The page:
I have always liked the idea of making my own ginger beer but I’ve heard so many stories of exploding bottles that it put me off so far. I have been making a range of ciders and ales using a brewing kit from Mad Millie, and I was thinking I should contact them to see if they could do an ‘idiot proof’ ginger beer. Imagine my surprise when I went on line to get their contact details to discover that they had beaten me to it: there was a Gluten Free Alcoholic Ginger Beer kit in stock. I would have preferred a non-alcoholic ginger beer but decided that it would be fun to give this a go.
The ‘tasting notes’ describe it as “a burnished golden pour with a fluffy white head. The biscuit malty character comes through with a sweet and subtle bitterness followed by a kick of fiery ginger”.
You make the brew in almost the same way as you do cider or ale – in fact it was so similar that they didn’t include separate instructions for it and it was a bit confusing whether you were supposed to follow the instructions for cider or ale. And to confuse matters more, it coincided with a decision to not include some of the things in the kits that they used to. I finally figured it out after talking with the Mad Millie helpline and gave them feedback that I was really glad this wasn’t my first brew that I had tried.
In the same way as their other kits, you add 1 litre of boiling water to your fermenter and stir in the contents of the two pouches (‘ginger syrup’ and dextrose). When dissolved, top up to 10 litres with cold water. Then stir in the yeast and a sweetener sachet (if desired – I didn’t). Leave it to ferment for 7-10 days at 18-28C – use a heating pad if you need to.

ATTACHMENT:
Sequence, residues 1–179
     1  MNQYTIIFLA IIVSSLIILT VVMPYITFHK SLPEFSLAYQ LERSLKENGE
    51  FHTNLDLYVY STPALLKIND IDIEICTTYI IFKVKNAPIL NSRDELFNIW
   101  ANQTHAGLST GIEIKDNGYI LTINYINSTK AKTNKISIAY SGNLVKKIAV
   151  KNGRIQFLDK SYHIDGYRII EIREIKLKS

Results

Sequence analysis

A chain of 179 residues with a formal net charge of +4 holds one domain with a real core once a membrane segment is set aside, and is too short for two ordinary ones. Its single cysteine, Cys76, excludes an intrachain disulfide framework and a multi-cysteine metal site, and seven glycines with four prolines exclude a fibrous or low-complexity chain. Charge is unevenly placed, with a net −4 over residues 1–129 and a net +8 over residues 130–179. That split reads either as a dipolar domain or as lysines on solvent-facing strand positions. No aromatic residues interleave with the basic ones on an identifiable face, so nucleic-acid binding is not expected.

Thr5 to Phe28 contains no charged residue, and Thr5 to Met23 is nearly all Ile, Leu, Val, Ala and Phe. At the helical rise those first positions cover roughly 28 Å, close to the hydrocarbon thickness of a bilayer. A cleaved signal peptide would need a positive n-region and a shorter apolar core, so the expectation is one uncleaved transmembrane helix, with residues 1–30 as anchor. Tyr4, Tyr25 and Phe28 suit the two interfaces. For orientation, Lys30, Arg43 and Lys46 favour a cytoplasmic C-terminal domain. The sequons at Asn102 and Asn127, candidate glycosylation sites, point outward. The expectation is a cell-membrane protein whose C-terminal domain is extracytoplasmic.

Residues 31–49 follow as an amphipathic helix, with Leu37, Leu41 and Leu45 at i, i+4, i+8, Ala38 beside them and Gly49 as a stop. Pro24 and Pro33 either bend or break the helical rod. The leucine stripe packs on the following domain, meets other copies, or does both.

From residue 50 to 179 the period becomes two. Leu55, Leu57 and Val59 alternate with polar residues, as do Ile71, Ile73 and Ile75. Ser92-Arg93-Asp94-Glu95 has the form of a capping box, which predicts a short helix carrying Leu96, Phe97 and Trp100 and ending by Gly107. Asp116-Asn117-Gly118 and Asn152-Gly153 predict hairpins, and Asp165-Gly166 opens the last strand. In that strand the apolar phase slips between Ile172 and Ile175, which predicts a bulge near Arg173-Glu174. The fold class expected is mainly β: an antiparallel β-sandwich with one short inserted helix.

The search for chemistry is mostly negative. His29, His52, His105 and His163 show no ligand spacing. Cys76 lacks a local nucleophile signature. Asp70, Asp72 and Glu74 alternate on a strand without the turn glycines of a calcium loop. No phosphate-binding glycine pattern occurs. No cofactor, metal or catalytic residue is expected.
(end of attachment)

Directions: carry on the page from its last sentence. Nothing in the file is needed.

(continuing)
Check the Specific Gravity (SG) using the hydrometer/bottling gauge. The SG is a measure of whether or not the yeast has used up all the available sugar and stopped fermenting. If you simply bottled it now, the ginger beer would be flat so you need to add a small amount of sugar for secondary fermentation in the bottle – just enough to give it some fizz.
Add two teaspoons of sugar to each 750ml bottle for secondary fermentation. Transfer the ginger beer to the bottles using the siphon. Leave it to mature for 3 weeks: leave the bottles in the same warmer place that you brewed in for a week to allow it to continue to ferment and then transfer the bottles to a cool dark place.
The finished result is true to the description above. I was disappointed because it doesn’t have a strong ginger flavour but it does have a spicy ginger kick to it. It is a pleasant enough drink but I don’t think I will make it again. I will seek out something that tastes more gingery and is non-alcoholic.